Her. A non-traditional relationship movie with an excellent performance by Joaquin Phoenix (as Theodore Twombly) and the delightful voice of Scarlett Johansson (as Samantha). Theodore is depressed, separated from his wife played by Rooney Mara, living in an apartment that appears to be too luxurious for a guy employed as a writer but — a minor criticism. Theodore has a married neighbor and friend named Amy. The verbal interplay between Amy and her husband is presented in contrast to Theodore’s communication with “Her”, the voice of his computer’s operating system. Besides Theodore, Amy, her husband, a blind date, and one additional female character, I think I’ve mentioned the entire cast in this 125 minute movie. The film opens with a close up of Phoenix and his character is on screen for virtually the entire film but he pulls it off. Here is someone who speaks freely (with Samantha) as he reveals who he is in ways he never could with his wife, Catherine. Every family psychologist and psychiatrist should see this movie. Samantha, the operating system, is programmed to respond in a favorable way so Theodore feels a sense of freedom and exploration. An interesting twist occurs when Samantha becomes concerned over not being a physical entity, while Theodore is comfortable with being stimulated by a voice. The movie was written and directed by Spike Jonze who has an Oscar nomination for Best Original Screenplay. Jonze is one of the most innovative contemporary filmmakers and this is a singularly unique film about human relationships. This is also another film that I found more enjoyable than anticipated based on the trailer.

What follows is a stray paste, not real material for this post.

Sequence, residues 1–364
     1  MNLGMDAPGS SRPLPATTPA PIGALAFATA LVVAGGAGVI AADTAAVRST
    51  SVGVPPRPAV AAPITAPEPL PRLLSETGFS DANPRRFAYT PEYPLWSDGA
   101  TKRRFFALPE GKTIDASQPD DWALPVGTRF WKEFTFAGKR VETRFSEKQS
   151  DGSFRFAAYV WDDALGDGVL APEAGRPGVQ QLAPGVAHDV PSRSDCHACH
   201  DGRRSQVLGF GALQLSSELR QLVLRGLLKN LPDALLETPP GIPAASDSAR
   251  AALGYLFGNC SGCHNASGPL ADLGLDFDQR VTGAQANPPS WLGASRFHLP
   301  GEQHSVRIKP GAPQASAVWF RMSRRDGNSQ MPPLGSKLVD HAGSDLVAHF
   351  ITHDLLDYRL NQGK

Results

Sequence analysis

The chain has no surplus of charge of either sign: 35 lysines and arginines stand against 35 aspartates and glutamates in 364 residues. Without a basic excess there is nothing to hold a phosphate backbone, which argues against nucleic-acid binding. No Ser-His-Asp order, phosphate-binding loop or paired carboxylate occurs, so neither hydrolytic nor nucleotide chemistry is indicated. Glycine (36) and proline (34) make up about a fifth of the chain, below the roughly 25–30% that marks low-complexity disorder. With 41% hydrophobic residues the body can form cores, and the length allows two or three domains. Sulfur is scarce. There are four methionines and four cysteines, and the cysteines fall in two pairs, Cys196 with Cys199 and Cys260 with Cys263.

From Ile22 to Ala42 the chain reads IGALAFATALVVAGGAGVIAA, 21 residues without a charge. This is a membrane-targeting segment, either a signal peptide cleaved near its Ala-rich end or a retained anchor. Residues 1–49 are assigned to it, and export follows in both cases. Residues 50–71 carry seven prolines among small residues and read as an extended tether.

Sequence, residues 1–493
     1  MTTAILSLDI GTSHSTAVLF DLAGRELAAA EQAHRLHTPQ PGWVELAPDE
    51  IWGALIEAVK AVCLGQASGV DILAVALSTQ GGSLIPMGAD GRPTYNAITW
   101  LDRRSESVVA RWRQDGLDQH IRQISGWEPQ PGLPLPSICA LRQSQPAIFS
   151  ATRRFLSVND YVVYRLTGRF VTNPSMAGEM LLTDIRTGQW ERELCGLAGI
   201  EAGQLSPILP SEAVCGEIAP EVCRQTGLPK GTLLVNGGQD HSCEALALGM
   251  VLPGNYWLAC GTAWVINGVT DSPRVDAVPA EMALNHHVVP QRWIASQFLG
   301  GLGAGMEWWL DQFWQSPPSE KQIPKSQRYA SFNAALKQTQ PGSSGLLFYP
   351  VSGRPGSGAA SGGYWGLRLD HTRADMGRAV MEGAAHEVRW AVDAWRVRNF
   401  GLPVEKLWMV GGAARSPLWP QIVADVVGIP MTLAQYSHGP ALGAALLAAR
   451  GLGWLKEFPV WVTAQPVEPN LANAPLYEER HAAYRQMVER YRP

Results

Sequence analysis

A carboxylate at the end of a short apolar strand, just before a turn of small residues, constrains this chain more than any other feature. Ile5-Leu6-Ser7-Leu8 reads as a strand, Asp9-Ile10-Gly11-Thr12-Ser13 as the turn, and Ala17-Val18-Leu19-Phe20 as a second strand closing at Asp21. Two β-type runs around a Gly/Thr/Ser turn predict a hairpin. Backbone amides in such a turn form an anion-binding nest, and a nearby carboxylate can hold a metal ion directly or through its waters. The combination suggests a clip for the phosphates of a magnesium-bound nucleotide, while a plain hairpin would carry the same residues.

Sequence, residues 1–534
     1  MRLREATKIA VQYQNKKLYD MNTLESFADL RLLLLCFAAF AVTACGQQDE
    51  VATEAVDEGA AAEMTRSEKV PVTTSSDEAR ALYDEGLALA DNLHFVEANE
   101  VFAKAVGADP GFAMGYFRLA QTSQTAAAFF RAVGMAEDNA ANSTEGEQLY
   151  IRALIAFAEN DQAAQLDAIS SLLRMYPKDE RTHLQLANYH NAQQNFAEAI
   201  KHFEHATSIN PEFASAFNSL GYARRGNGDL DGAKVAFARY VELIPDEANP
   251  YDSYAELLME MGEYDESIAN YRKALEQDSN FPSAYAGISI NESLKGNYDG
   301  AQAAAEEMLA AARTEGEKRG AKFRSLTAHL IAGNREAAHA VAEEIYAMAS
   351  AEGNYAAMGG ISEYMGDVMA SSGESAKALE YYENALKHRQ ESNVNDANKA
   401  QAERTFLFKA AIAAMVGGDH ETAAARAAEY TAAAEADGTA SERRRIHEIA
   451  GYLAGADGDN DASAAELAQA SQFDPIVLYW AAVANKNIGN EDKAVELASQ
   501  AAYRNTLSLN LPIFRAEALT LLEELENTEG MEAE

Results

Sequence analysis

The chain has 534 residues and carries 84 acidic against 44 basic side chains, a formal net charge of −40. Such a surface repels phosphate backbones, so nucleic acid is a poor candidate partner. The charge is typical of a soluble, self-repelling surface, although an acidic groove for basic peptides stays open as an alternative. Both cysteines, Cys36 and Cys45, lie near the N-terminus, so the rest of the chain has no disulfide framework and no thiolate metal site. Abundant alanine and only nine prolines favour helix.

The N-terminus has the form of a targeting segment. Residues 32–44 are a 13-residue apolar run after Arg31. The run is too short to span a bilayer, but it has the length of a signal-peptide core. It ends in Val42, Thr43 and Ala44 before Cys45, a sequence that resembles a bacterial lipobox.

Mr. Guttman is a Hawaii attorney and a partner with Kessner Umebayashi Bain & Matsunaga. He was a lecturer for a number of years at the University of Hawaii’s Shidler College of Business, and has served as director of both the Bankruptcy and Collection Law sections of the Hawaii State Bar Association. The national publication lists him as a “Super Lawyer” while as to movies, he’s been an active viewer for as long as he’s been big enough to sit in a theatre seat. A few years ago he began sharing his film commentaries with friends and colleagues. His straightforward reviews continue reaching an ever increasing audience.